Friday, October 29, 2010

MP3 recovery

A recent job involved a corrupted MP3 player.  On plugging it into the PC it displayed as an music player, rather than as a hard drive.  A bit of reading the manual showed there were multiple modes for the USB interface to work, and once set in the appropiate mode, I could see the device as a storage device.  As expected it was a FAT32, but 6.5GB of it's 8GB capacity was in the FOUND.000 subdirectory, as the result of a chkdsk type command.

The files to be recovered were ones the customer had recorded which were no longer visible.  The first recovery attempt was a data carve of the disk and this showed a number of files, of the type required, but no file names or directories.  The second attempt was a logical read, but this only showed what was seen directly on the PC.  The third attempt was a scan of the disk for FAT directory stubs using CnW recovery software.  Interestingly this scan came up trumps.  All the files that had been lost (and captured on the chkdsk) were found with valid names and valid subdirectories.  When recovered the complete MP3 player was much as originally configured.

Sunday, October 17, 2010

Overwritten MAC disk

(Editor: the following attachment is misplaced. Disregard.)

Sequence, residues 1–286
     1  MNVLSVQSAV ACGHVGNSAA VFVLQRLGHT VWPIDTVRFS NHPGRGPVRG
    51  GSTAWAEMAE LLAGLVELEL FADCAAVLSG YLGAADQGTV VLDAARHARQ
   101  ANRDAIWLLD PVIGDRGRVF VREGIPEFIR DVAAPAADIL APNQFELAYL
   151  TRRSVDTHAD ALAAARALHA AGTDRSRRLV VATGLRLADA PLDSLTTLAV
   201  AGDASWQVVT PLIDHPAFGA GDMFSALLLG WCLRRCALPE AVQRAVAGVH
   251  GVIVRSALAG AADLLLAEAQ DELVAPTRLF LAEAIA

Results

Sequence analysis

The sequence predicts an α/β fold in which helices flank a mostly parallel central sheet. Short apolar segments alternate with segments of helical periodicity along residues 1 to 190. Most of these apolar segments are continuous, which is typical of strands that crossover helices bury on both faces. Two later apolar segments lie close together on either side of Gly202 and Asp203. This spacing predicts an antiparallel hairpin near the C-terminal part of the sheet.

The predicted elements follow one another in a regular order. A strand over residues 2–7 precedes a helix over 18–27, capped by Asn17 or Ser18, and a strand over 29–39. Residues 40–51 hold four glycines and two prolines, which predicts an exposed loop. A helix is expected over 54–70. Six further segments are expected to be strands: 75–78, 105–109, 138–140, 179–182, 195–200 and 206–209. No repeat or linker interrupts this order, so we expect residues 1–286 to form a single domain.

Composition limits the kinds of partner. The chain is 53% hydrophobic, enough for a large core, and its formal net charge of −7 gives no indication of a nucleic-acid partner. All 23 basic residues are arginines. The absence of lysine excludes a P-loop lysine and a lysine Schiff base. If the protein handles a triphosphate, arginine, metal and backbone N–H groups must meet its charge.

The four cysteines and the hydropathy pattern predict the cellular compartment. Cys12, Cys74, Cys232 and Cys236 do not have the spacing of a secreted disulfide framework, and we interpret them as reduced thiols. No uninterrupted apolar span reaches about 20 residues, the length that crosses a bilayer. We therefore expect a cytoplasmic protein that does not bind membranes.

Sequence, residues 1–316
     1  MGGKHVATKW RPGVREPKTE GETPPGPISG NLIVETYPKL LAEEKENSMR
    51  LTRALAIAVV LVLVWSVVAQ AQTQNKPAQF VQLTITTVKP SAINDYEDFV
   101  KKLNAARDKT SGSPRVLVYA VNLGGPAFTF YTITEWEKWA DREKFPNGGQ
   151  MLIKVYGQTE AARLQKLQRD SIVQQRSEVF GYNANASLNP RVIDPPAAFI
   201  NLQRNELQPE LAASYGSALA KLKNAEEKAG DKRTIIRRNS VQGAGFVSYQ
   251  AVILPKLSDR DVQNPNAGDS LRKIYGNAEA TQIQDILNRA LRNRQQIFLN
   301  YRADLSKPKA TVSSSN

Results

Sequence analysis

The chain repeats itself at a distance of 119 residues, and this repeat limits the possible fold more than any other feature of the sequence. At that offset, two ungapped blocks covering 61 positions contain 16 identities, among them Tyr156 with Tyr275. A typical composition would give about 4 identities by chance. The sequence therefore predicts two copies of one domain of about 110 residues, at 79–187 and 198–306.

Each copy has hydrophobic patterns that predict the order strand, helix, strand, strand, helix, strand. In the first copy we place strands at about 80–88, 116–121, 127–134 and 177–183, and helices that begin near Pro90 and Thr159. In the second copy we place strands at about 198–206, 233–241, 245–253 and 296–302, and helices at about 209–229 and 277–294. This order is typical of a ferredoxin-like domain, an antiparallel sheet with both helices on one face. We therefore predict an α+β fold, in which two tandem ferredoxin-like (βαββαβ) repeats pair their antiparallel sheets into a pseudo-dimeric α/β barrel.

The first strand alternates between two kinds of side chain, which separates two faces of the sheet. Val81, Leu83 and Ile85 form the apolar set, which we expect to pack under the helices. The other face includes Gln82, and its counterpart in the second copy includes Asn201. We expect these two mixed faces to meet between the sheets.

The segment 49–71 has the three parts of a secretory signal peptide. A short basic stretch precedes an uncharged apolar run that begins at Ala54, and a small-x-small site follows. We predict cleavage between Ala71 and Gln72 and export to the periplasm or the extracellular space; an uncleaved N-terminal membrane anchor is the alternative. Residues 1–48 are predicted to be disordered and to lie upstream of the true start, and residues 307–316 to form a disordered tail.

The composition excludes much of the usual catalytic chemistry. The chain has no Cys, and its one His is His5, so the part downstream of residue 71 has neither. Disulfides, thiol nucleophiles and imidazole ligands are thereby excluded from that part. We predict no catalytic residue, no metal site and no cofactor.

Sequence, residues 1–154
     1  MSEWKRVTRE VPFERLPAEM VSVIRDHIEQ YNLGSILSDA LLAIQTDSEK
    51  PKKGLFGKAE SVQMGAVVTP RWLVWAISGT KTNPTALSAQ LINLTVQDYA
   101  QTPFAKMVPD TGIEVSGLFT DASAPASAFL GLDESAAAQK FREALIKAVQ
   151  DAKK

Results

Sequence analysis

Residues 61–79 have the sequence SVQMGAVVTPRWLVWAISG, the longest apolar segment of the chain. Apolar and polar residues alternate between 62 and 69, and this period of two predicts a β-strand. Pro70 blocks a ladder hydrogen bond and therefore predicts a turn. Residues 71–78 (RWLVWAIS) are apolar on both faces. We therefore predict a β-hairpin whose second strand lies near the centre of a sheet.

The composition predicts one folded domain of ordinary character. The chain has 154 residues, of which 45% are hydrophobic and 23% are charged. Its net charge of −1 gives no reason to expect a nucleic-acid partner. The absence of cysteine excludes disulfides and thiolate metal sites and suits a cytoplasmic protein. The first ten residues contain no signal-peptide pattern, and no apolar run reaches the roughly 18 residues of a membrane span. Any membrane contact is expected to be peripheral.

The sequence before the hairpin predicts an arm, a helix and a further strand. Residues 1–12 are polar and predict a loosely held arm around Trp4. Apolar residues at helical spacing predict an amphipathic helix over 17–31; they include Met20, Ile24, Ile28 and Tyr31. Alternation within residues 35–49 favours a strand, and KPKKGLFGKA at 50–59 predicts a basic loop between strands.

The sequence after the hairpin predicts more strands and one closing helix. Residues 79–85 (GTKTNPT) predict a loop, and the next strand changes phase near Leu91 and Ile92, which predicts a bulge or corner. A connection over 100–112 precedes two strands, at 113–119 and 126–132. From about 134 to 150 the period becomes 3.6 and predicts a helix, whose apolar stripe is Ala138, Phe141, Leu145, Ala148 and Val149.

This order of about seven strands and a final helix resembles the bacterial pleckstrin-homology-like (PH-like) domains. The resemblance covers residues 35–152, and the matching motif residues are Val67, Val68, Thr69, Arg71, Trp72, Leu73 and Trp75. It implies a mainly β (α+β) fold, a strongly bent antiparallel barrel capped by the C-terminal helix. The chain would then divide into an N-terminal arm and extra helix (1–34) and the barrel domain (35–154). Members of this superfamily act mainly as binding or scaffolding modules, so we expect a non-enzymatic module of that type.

I recently received a MAC disk for data recovery. The disk imaged without any sectors errors, and a scan of the disk indicated there was about 70GB of data. However, when I read it, only about 20MB was recovered. The fist thought is that all the daya had been deleted which is not good news for a MAC. When a MAC file is deleted, it also removes the metadata from the directory, making intelligent recovery impossible. The only recovery approach is data carving.However, looking through the disk, several files looked rather PC based, and there were also som FAT32 directory structures. A scan of the disk using the CnW Partition function showed there were about 300 FAT sub directories on the drive. This indicates that the drive was intially a FAT32 drive that had been reformatted as a MAC drive. A bit more examination also indicated that much (but not all) of the FAT was still intact.CnW was set to recognise the partition as a FAT32 and a very complete recovery was made. By examining the log (and sorting on start location) it was clear that the area that th MAC writes most directory information was one where only a few system files originally existed, and so it was likely that very few useful files were lost.Moral - when only a few files have bee found on a disk, it is always worth investigating if it has been reformattted, either to the same, or a different file system.